Need to Know
28 : 08 : 20

Blaque is a phygital space for black fitness aficionados, Floe makes oral care sustainable and social media drives the counterfeit market.

Collina Strada reworks apparel from Ghanaian markets

Kantamanto market capsule collection by Collina Strada and Browns, Ghana Kantamanto market capsule collection by Collina Strada and Browns, Ghana
Kantamanto market capsule collection by Collina Strada and Browns, Ghana Kantamanto market capsule collection by Collina Strada and Browns, Ghana
Kantamanto market capsule collection by Collina Strada and Browns, Ghana Kantamanto market capsule collection by Collina Strada and Browns, Ghana

Accra, Ghana – The sustainable label is collaborating with retailer Browns to create a capsule collection that gives new life to textile waste.

Repurposing t-shirts sourced from Ghana's Kantamanto Market, the project highlights the fact that over 15m items of clothing from the US pass through the market every week for recycling, but about 40% leaves as waste, often ending up in Ghana’s landfill, open dump sites or the ocean (source: OR Foundation).

To raise awareness of the social implications of this system, Collina Strada created a capsule collection using the waste from the market to give unwanted garments a new lease for life. Comprising hand-dyed pieces that reflect the brand’s DIY aesthetic, the range will be available exclusively through Browns.

The collaboration was made possible by non-profit-making The OR Foundation, which has been working on the Dead White Man’s Clothes research project – a literal translation of the Akan phrase for ‘second-hand clothing’. While a new wave of Deadstock Designers are focusing on repurposing unsold apparel, Collina Strada's collection is critiquing the problems with the global second-hand fashion market.

A high-end fitness club for the black community

Blaque, US Blaque, US
Blaque, US Blaque, US

New York – Blaque provides a physical and digital space for the mental, emotional and physical wellness of black communities.

As part of its mission to create a culturally resonant, high-quality fitness space with black wellness at its centre, the woman-owned start-up is opening a gym location in New York, launching a digital platform for fitness and wellness content as well as outdoor movement-based events. With black communities accounting for nearly 60% of Covid-related deaths, according to founder T’Nisha Symone, Blaque seeks to rebalance health and wellness for black people.

With the black experience the focus point of all services – from the music played to the beauty products available – Symone hopes to reclaim elements of the fitness market that have been appropriated from black culture. ‘When class concepts are born out of black culture [such as hip hop dance], they are repackaged to serve predominantly white members,’ she tells Wallpaper.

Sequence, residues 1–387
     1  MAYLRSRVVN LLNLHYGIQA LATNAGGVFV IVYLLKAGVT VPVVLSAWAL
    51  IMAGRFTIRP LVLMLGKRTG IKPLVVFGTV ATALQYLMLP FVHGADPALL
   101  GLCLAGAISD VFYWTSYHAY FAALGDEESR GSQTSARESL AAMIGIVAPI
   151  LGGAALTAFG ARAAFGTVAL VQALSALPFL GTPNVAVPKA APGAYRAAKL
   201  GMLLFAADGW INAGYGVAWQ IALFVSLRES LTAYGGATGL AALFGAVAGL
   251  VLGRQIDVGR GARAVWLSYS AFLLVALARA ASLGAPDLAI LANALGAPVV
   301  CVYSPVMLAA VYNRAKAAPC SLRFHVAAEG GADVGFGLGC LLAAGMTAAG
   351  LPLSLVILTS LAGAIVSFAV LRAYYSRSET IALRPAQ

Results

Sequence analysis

Blaque is part of a movement of new Inclusive Fitness concepts showing how being fit and healthy is no longer the preserve of affluent white people.

Eco-friendly dental health on subscription

UK – The Floe subscription kit is designed to reduce the environmental impact of the oral care industry.

Floe has launched its subscription box to encourage consumers to develop habits that are good for the planet as well as their oral health.

Backed by dentists, the boxes include a Swiss-made Curaprox toothbrush, whitening and anti-cavity toothpastes in sugar cane packaging and floss made from bamboo charcoal fibres.

The brand uses a 100% circular model to eliminate waste. Every 12 weeks, when customers receive a new box, Floe asks that they return their used tubes and packaging, so that they can be correctly recycled and turned into new products.

While some direct-to-consumer (DTC) dentistry models have been scrutinised for encouraging DIY treatments, Floe instead taps into the rise of Certified Wellness.

Floe Oral Care, UK Floe Oral Care, UK

Stat: Social media is accelerating the counterfeit market

Counterfeit Beauty Counterfeit Beauty

The counterfeiting market is growing at a rapid rate, according to a new report from technology firm Entrupy. The State of the Fake 2020 report shows that counterfeits now make up 2.5% of global trade – worth £746bn ($991bn, €833bn) – and are forecast to cost the global economy up to £2.1 trillion ($2.8 trillion, €2.4 trillion) by 2022.

The report goes on to demonstrate how social media has affected the illicit market. According to Entrupy, as many as 20% of Instagram purchases are counterfeit, with most of these listings occurring on Instagram Stories. ‘Countless online counterfeit stores are being run through Facebook and Instagram pages, the ability to purchase a replica no longer has physical barriers and can be completed through the click of a button,’ says Vidyuth Srinivasan, co-founder of Entrupy.

As fashion counterfeiters become more relentless in their approach, brands and consumers are looking to digital tools in an effort to fight back. For more, read our microtrend.

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